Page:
The Soviet Union was far ahead of the U.S. in the “space race” of the late 1950’s and early 1960’s. By 1965 the U.S.S.R. could take credit for the first satellite, Sputnik-1 (1957), first animal in space (1957), first human in space and Earth orbit (1961), first woman in space and Earth orbit (1963), first spacewalk (1965), first Moon impact (1959), and first image of the far side of the Moon (1959).

As a result Soviet space program propaganda posters from this era were colorful and inspiring. The Eisenhower and Kennedy administrations had Wernher von Braun helping NASA but no artists creating bold, bragging promotional posters like these. Even into the 1970s, all I remember from grade school is a faded poster of moon rocks and the usual “big blue marble” image of the Earth from the Moon.

astronauthammersickle
“Glory to the Soviet people, the pioneers of space!”
 
sovietfairytale
“We were born to make the fairy tale come true!”
 
sovietglory
 
“Glory to the conquerors of the universe!”
 

Above, “Flight to the Moon,” a Soviet propaganda cartoon from 1953

Via io9, where you can see a lot more of these vintage Soviet space program posters

Posted by Kimberly J. Bright | Leave a comment
Charlie Brooker on Invisible Children and ‘Kony 2012’


 
Just when you thought shit couldn’t get any more cynical, here comes Charlie Brooker to cast some withering scorn over the recent ‘Kony 2012’ meme propagated by the group Invisible Children (as broadcast on last night on Channel 4’s 10 O’Clock Live.) I could not think of anyone better than Brooker for this job:

“So, in summary, Invisible Children are expert propagandists with what seems to be a covert religious agenda, advocating military action in Africa while simultaneously recruiting an “army” of young people to join their cause (and their weird Fourth Estate youth camps) and to stand around posing like this [quasi-fascist looking picture], a bit like an army of child soldiers might.”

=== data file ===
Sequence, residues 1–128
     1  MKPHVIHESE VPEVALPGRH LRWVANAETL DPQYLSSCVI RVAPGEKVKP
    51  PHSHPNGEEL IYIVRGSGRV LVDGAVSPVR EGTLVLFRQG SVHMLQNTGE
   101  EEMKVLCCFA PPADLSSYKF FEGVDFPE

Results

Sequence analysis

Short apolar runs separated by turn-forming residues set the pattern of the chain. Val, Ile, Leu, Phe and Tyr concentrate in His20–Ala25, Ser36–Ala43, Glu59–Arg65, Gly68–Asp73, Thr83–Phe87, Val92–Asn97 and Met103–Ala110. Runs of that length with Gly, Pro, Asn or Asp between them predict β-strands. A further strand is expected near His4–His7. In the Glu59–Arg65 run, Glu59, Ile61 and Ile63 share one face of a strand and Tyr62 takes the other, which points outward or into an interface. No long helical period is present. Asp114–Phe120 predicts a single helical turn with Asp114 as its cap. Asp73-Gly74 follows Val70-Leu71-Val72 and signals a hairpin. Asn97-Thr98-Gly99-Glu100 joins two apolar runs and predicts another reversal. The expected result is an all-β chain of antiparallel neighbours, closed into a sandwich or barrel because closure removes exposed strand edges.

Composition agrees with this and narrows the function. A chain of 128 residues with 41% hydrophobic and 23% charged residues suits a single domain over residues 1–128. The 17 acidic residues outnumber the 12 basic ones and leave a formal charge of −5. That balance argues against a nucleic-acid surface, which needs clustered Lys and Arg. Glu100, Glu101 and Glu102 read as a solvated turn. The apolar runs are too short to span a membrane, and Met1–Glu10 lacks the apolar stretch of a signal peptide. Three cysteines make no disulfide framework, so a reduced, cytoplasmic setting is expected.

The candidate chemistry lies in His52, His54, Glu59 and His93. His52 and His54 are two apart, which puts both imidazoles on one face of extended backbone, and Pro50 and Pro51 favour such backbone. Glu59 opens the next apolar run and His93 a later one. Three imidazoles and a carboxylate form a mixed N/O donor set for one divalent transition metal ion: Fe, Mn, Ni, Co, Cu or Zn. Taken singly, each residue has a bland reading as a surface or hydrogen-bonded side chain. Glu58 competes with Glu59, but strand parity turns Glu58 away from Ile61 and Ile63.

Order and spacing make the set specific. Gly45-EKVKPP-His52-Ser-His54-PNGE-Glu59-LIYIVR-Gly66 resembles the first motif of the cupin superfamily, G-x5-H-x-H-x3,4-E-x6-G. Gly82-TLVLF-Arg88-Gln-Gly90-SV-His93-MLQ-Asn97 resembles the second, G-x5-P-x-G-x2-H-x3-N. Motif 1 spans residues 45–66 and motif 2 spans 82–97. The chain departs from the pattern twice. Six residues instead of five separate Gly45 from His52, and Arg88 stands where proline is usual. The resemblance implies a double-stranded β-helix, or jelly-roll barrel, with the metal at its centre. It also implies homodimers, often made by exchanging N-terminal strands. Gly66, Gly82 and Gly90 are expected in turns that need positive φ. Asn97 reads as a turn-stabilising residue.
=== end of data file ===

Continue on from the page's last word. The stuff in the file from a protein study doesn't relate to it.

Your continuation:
Take it away Charlie…
 

Posted by Niall O'Conghaile | Leave a comment
Anti-alcohol posters from Soviet propaganda-era
01.26.2011
10:32 am

Topics:
Amusing
Art
Drugs
History

Tags:
Alcohol
propaganda
posters
Soviet

image
 
The Museum of Anti-Alcohol Posters showcases an array of posters from the Soviet-era. From a design standpoint, these illustrations are really cool, but I wonder if they were truly effective with getting their message across to Friends of Bill???

image
 
See more images after the jump…
 

Posted by Tara McGinley | Leave a comment
Donald Duck takes on Hitler to the tune of Der F?ɬ

image
 
Der Fuehrer’s Face is a 1943 propaganda cartoon from the Walt Disney Studios, starring Donald Duck. It was directed by Jack Kinney as an anti-Nazi piece for the American war effort. The song, of course, was later made famous by the great Spike Jones and his City Slickers. The short film won the 1943 Oscar for Best Animated Short Film (the sole Donald Duck short to do so) and in considered one of the 50 Greatest Cartoons of all time, as voted on by animators.

The German oom-pah band is comprised of Emperor Hirohito (Sh?֬

Posted by Richard Metzger | Leave a comment